There are a number of characteristics of Kolind's leadership style that can be inferred from reading this case study. First, the style is consultative, rather than authoritarian (Vroom and Yago, 1988). Kolind ensured that many of the employees had an opportunity to participate in the planning process for the reorganization. Employees were also involved in meetings that provided them with current information about the restructuring process, allowing them the opportunity to ask questions and give input. However, this was still primarily a top-down process, a leader-participation model that still vested decision-making power in senior management. It seems to be a transactional, rather than transformational, leadership approach, even though employees were involved and the resulting structure eliminated some levels of the hierarchy.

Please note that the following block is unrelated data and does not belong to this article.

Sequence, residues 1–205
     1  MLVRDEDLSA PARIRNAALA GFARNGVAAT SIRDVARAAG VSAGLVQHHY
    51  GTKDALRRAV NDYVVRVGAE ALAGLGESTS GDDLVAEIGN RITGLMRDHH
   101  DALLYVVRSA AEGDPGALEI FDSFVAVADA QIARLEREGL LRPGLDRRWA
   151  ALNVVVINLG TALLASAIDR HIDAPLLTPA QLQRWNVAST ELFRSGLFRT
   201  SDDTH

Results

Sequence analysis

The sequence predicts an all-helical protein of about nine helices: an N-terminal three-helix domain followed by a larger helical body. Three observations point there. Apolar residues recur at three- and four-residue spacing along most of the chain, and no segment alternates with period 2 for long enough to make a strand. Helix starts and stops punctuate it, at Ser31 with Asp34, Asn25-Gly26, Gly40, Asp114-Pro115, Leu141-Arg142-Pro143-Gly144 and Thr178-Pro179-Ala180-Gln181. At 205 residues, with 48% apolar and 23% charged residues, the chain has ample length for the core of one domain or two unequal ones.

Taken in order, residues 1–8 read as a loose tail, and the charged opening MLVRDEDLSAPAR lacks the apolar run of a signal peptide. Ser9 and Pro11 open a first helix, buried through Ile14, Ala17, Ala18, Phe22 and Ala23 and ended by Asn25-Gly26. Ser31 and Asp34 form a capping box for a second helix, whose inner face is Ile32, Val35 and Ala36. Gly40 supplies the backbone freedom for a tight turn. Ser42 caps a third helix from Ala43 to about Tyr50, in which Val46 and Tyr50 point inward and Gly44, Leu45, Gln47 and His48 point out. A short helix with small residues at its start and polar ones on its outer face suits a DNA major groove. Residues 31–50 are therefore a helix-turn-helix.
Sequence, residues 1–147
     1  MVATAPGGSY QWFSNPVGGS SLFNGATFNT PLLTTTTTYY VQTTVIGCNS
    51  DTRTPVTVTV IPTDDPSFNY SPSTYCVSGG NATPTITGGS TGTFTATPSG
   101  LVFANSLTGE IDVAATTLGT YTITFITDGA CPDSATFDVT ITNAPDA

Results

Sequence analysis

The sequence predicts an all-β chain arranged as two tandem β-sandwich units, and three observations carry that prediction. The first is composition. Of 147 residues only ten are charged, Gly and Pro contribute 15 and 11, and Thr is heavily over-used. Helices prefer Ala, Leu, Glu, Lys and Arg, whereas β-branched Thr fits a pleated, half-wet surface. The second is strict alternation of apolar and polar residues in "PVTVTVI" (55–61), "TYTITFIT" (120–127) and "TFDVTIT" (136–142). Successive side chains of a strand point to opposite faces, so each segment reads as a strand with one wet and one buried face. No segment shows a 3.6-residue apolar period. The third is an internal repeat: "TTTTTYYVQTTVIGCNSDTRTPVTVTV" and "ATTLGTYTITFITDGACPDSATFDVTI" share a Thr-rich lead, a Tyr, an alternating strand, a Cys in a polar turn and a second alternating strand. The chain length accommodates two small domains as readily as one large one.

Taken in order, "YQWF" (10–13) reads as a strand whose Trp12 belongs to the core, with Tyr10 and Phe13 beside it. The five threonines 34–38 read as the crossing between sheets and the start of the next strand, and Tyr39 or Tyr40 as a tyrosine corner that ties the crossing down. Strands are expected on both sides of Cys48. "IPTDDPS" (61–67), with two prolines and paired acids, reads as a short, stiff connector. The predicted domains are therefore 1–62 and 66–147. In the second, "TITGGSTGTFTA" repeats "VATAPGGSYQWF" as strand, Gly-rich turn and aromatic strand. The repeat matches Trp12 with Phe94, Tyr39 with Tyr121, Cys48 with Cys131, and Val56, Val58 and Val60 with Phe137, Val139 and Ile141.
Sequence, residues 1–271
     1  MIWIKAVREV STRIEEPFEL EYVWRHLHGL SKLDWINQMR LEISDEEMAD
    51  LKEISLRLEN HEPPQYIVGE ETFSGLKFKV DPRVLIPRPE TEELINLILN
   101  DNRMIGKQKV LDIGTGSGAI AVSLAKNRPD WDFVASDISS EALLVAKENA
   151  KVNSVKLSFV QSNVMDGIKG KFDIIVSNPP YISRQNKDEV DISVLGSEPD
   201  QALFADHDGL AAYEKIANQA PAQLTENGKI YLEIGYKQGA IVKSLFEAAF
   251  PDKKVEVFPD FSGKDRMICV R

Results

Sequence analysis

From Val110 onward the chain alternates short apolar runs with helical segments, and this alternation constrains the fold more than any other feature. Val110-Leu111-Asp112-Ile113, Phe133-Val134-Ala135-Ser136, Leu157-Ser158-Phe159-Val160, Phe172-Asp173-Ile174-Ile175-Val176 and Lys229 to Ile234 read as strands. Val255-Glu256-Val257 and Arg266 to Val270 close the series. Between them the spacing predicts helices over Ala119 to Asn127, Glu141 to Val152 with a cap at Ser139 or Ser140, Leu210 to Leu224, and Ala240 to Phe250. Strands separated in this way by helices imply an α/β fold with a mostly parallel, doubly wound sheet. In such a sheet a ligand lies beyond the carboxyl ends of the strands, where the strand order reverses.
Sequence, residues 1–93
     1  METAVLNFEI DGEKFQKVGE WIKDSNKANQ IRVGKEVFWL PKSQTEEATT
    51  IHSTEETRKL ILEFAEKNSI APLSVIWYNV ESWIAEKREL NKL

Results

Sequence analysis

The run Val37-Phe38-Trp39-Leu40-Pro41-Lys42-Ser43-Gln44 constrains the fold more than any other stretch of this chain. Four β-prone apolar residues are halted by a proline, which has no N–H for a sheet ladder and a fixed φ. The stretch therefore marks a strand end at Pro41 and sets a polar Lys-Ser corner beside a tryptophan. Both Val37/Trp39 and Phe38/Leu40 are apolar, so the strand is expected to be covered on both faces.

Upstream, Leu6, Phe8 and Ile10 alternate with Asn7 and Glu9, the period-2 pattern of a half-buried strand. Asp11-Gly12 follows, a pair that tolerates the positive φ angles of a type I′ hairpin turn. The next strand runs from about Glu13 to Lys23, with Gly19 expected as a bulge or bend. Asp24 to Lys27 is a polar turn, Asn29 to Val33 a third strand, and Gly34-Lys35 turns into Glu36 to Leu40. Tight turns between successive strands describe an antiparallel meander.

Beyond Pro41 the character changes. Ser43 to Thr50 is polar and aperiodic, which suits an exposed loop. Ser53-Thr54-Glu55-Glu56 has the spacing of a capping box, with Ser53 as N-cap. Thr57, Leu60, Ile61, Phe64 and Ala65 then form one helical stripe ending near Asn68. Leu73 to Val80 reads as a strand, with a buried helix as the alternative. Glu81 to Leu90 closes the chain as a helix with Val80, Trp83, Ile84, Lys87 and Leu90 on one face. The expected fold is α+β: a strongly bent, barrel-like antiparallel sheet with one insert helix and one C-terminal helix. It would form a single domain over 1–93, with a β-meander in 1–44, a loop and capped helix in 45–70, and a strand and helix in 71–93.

A more participative model would have involved employees more, possibly bringing them all into the planning process, or having formal employee groups to get together and consult about the restructuring. Maximum participation would have involved sharing the problems with the group as a whole and having the group as a whole generate and evaluate alternatives and reach resolution to the situation. In looking at Vroom and Yago's (1988) decision-tree leader participation model, it appears as though Kolind's decision to use a consultative, rather than authoritarian or consensus model was an appropriate one.
This would have been a more transformative model, involving consensus, and a new vision of the organization itself. While the structure that Kolind created was a transformed structure, the process of arriving at that structure resembled older-style decision-making.
Organizational Structure, Communication, and Culture
The present forms of the above are easier to identify and describe than the current ones since there is not as much information about them.
The current organizational structur...